Big Little Recipe has the smallest-possible ingredient list and big everything else: flavor, creativity, wow factor. That means five ingredients or fewer — not including water, salt, black pepper, and certain fats (like oil and butter), since we're guessing you have those covered. Inspired by the column, the Big Little Recipes cookbook is available now. Like, right now.
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An onion knows when it's in danger. That's why when you cut it with a knife, or blitz it with a food processor, or pulverize it with a grater, it fights back. It wields sulfur, absorbed from the soil, as a weapon, as its own knife or food processor or grater, sharp enough to make you weep.
A skillet and stove change all this. "The various sulfur compounds react with each other and with our substances to produce a range of characteristic flavor molecules," explains Harold McGee in "On Food and Cooking." With fat, heat, and patience, the sharpness in onions softens into something as sweet as candy.
But who said sharpness was a bad thing? An insult is only an insult if you interpret it as an insult.
One of our community's most beloved recipes is James Beard's Braised Onion Sauce, which starts with a pound and a half of onions and almost a stick and a half of butter. You cook the onions for an entire hour, until they become unrecognizable, closer to jam than anything else.
Unsurprisingly, another one of Beard's most iconic recipes also revolves around onions. But in this case, they aren't cooked for an hour. They aren't cooked at all. In the dish, which he swiped from his business partners Irma Rhode and Bill Rhode, they're sliced into slivers and turned into tea sandwiches.
Especially with onions, cooked and raw are opposites that couldn't be farther apart — or closer together. Like Lindsay Lohan in "The Parent Trap" or Vanessa Hudgens in "The Princess Switch." If you look closely, it's just the same actor in a different outfit with different makeup and a different accent.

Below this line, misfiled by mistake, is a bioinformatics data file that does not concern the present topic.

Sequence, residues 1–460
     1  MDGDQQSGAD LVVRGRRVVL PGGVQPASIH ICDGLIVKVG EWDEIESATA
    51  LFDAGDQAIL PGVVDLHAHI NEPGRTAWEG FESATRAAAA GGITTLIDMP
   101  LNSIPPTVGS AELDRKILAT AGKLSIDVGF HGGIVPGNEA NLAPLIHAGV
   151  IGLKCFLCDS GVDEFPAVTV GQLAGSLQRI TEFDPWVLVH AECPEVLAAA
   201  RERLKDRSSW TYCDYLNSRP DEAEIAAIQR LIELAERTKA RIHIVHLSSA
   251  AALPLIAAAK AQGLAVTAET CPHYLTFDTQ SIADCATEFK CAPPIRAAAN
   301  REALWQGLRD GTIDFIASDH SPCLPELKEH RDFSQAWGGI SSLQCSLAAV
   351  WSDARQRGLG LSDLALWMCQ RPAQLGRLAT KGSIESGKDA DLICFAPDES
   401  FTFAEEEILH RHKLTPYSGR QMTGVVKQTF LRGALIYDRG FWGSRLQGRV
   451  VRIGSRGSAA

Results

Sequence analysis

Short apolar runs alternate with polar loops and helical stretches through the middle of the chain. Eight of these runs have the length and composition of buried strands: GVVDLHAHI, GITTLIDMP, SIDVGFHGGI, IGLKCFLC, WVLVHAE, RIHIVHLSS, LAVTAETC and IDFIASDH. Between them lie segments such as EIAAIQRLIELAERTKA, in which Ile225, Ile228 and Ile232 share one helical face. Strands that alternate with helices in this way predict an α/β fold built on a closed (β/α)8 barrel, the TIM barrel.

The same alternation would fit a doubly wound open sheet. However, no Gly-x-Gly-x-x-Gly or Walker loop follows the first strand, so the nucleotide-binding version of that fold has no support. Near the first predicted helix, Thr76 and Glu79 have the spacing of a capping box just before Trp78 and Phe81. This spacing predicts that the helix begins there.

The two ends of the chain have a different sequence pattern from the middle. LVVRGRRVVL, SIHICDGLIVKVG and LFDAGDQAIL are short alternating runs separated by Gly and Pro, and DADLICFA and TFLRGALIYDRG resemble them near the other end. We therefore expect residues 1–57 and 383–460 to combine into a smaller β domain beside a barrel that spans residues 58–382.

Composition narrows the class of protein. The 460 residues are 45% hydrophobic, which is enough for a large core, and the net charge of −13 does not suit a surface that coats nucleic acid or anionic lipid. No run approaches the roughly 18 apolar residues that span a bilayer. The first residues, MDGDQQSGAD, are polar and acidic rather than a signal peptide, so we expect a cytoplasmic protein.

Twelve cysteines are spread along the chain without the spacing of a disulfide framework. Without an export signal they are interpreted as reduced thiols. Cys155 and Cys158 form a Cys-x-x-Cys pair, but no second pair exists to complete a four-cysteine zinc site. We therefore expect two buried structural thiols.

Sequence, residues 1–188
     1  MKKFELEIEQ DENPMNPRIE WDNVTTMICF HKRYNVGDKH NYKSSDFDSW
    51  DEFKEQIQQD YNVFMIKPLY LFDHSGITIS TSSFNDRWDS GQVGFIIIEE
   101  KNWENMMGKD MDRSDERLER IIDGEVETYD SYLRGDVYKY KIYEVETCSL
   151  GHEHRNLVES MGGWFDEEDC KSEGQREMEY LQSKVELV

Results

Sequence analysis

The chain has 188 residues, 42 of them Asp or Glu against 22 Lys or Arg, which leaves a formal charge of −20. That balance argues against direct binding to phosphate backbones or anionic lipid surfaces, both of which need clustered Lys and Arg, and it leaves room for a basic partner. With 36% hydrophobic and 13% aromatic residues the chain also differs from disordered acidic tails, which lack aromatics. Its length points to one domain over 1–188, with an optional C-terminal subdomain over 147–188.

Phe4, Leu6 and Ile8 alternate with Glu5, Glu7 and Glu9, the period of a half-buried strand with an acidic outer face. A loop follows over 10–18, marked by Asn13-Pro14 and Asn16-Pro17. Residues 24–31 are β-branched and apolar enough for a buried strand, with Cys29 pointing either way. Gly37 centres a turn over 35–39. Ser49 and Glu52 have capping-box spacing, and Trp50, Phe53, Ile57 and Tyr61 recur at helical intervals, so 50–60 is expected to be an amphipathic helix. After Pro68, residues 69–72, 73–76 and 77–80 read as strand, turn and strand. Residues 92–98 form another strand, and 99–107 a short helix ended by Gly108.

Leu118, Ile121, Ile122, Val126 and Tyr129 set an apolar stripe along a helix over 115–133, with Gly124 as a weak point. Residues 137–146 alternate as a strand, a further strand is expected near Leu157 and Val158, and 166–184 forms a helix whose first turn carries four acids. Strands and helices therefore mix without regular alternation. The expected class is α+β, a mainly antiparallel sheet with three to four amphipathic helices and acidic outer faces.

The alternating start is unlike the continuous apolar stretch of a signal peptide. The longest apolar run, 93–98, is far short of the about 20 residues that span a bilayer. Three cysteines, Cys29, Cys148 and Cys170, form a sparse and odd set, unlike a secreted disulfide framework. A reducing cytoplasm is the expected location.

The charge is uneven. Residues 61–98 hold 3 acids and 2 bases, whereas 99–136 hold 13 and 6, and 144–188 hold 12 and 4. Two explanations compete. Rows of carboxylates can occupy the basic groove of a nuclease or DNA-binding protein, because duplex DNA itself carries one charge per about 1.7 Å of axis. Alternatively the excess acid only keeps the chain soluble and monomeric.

Of course, that is what makes it so impressive.
These buttery noodles take a similar approach. You sauté an armload of onions until they relent into savory, soothing mush. Then, just before you sit down at the end of a long day, as you are tossing pasta with butter and more butter, you add a couple spoonfuls of minced raw onion, brash and reviving, like a splash of vinegar.
It is not one or the other. It is both. And isn't this what all of us want? For someone to see us — really see us — for all our prettiness and ugliness and want to stick around anyway? To think our glossy, sautéed sweetness is beautiful. And that our stinging, rude sharpness is beautiful.
Albeit swift enough for a weeknight, this dish showcases the full personality of the onion. The one that only people who really love it get to see.
Recipe: Onion-Buttered Noodles
- 1 3/4 pounds yellow onions
- 6 tablespoons salted butter, at room temperature, divided
- Kosher salt and freshly ground black pepper
- 8 ounces long pasta, such as fettuccine or pappardelle
- 1 to 2 garnishes (optional)
- Halve, peel, and thinly slice the onions. Mince just enough sliced onion to yield 2 tablespoons, then set that aside.
- Add 2 tablespoons of butter to a large skillet over medium heat. Once melted, add the sliced onions. Generously season with salt and pepper. Cook until golden and jammy, 25 to 35 minutes, stirring often and lowering the heat as needed to avoid scorching; you can add a splash of water every so often if needed to deglaze if the onions threaten to burn. When they're done, drop the heat to as low as possible to keep warm.
- Meanwhile, fill a large pot with water and set over high heat to come to a boil. When the water is boiling, generously season with salt, then add the pasta. Cook according to the package instructions until al dente.
- With the skillet still over low heat, use tongs or a slotted spoon to transfer the pasta to the skillet with the onions (and don't drain that water). Add the minced onion, remaining 4 tablespoons of butter, and ¼ cup of pasta water, then toss everything together. Add more pasta water if needed to reach a sauce consistency you love, keeping in mind that it'll thicken as it sits. Toss in or sprinkle with a bonus or two, if you'd like.